The fact of it is this: we are mammals. Mammals reproduce sexually. By nature. And in our case it can be a fulfilling and healthy activity. If you don’t agree with this part of God’s immaculate work, take it up with him, not with children’s genitalia.

It is circumcision, not sex that ought to be taboo.

Best Flash Animation 2006

Noam Chomsky Interview With Andrew Marr (BBC)

BlueRat presents the now infamous interview between Chomsky and Andrew Marr of the BBC, in which Chomsky explains to the disbelieving journalist how the media serve power interests. Notably, Marr offers the Watergate example of how the media are independent. Chomsky disagrees. Why hasn’t Marr heard of CoIntelPro then? This interview dates back to the late 1990s and was originally broadcast on The Big Idea in Britain. (approx 30 mins)

Thoughts on Religion and Democracy

Religious tensions in the Middle East are a palpable truth of the region’s realpolitik. Frequently, atheists or humanists (or people adhering to both views) will contend that religion is the source of much (if not all) of the unrest in the world’s political makup, and that, if only religion would be abolished, the world would be a better place. Such arguments are made on the back of claims that religion is either wholly or for the most part irrational, untestable, unverifiable, and a uniquely potent driver towards violence. In short, a mechanism by which people drive themselves to conflict with others, rather than a force for harmony. The argument is interminable and often misguided. But regardless of whether either party is right, which one that may be, or whether both are mistaken, a related problem remains.

The United States is unique in that it is the sole country on the planet (and readers may correct me) in whose constitution the separation of Church and States is enshrined as a principle by which the affairs of the nation ought to be run healthily. The violation of that is in evidence with every word a US political figure utters in public support for his religion (invariably Christianity) and with the never ending court cases relating to the Decalogue being proclaimed on court walls and the teaching of “intelligent” design in schools. So it is a far from perfect system, even by its own criteria. But at least the sentiment is there in that political scripture: state and church are not to mix.

In countries permitting rule based on religious ideology, things are seen to faulter. An obvious example is the Taliban, whose fundamentalist Islamic actions represseed women, freedom, education and so many values that sane and rational people would hold dear. In Saudi Arabia, religous expression through government leads to a totalitarian rule. Note, incidentally, the hypocrisy of the western “liberators” and democracy bringers: they side with Saudi against terrorism, neglecting to mention that Saudi is itself implicated in it. This is not a staunch defence of democracy, but a staunch defence of the west interests. One fundamentalist group may be sacrificed and another befriended.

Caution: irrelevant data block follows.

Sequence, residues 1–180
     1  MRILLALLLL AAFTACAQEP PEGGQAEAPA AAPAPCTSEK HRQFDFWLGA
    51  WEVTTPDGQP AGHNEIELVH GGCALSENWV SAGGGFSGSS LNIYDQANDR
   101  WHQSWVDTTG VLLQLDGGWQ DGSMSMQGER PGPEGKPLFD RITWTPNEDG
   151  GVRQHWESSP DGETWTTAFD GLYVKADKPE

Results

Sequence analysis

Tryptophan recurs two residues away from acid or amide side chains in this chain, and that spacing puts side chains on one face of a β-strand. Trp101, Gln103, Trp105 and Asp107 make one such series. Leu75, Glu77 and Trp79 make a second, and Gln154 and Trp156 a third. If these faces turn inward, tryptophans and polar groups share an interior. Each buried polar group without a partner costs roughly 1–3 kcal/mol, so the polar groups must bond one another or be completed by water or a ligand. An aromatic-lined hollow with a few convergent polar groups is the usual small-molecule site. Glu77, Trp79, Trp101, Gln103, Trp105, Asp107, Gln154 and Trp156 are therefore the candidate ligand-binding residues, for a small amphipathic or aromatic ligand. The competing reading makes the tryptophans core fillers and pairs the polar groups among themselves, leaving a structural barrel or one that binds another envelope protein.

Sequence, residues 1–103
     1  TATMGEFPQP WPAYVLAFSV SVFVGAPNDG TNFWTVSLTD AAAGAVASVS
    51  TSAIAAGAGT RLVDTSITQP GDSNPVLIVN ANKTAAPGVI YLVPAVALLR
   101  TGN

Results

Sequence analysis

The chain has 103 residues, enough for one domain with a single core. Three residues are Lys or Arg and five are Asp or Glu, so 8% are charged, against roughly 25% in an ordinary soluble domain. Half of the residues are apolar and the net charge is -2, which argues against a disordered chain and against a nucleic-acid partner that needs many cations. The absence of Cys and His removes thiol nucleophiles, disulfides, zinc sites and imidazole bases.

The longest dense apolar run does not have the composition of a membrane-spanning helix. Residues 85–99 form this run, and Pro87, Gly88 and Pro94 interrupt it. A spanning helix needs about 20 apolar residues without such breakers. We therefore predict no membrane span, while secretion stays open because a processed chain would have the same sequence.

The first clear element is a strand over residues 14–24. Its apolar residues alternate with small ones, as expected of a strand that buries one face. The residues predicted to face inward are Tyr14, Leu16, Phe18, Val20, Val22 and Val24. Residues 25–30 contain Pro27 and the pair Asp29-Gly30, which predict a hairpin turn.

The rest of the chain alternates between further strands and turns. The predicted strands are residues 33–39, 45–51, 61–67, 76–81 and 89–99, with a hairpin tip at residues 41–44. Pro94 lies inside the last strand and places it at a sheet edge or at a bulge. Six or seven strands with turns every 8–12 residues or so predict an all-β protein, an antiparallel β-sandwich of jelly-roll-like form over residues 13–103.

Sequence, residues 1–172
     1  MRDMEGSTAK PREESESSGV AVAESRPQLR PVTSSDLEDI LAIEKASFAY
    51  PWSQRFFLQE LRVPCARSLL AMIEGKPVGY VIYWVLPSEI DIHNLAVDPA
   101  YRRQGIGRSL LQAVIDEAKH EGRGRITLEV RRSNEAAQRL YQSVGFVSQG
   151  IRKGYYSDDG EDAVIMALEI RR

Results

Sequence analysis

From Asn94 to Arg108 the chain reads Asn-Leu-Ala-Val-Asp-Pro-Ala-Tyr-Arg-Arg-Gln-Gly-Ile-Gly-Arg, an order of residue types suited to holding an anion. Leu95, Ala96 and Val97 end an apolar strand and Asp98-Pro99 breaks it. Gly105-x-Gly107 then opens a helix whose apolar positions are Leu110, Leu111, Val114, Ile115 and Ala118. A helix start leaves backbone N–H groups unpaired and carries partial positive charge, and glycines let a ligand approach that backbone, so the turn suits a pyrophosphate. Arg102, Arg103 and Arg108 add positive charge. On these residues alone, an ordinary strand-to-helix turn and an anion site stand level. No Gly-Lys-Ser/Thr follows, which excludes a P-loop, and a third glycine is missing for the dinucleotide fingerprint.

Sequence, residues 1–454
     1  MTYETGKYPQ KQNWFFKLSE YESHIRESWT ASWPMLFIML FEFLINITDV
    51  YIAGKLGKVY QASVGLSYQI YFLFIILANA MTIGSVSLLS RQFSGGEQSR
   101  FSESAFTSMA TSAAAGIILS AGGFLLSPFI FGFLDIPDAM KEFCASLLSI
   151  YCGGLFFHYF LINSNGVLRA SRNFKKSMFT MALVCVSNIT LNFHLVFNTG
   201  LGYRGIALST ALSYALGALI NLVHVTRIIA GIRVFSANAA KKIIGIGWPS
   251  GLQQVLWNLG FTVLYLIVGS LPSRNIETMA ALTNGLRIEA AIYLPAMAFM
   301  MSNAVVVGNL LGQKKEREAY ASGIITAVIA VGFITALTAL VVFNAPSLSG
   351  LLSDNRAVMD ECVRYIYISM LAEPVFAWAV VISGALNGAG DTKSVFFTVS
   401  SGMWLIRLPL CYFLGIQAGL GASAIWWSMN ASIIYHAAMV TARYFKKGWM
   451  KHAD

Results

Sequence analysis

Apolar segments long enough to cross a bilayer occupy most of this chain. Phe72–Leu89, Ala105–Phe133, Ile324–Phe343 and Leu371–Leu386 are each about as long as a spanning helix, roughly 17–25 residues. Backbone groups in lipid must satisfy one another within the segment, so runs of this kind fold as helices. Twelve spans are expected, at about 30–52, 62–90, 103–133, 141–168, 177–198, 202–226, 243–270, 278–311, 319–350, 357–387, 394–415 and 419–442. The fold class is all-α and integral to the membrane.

George Bush’s religious convictions may play to the tastes of his right-wing conservative god-fearing fans, but the rest of the world is worried, not only on account of the violation of the Church and State principle the US is failing to uphold, but also on account of the unaccountability of God. Democracy’s most treasured principle relates to the accountability of leadership and representation; people are to decide and it is to people that leaders are supposed to be accountable. Yet a leader who elevates God above the electorate surely sacrifices democracy at the same altar. No longer does the popular will suffice – policy decisions are to be ratified in a dialogue with the divine.

And in this way, religion undermines political ideals. American conservatives will shout at this till they’re blue in the face, but it is a fact. A president accountable only to the Lord, puts the people he serves second.

In Britain secular tradition extends deeper, despite the lack of a constitutional divide between faith and government. Britain has never shied away from producing the likes of David Hume, Bertrand Russell or Richard Dawkins as intellectual luminaries. It is for this reason that it was all the more shocking to discover, part-way through Blair’s premiership, that some of his convictions had their origins in religious belief. To appeal to religion for guidance is, however wise the passages of holy texts may be, to appeal to a source whose reasons are not accountable to the public will. And therefore, it is to mimic the retrograde ideologies of the very religious extremists modern US-UK policy seems bent on destroying (it’s link to such regimes as Saudi notwithstanding), and to undermine democracy.

Religious influence over political affairs and the ideal of democracy are not compatible.

Please watch the BBC’s coverage of Tony Blair’s admission that God guided him through parts of his own decision making processes during the last 10 years. Of particular interest should be his conviction that he will be judged by “other people” at the end of his tenure (perhaps on earth). Since the end of his premiership, speculation has arisen on Blair’s intention to convert to Catholicism.

The America Song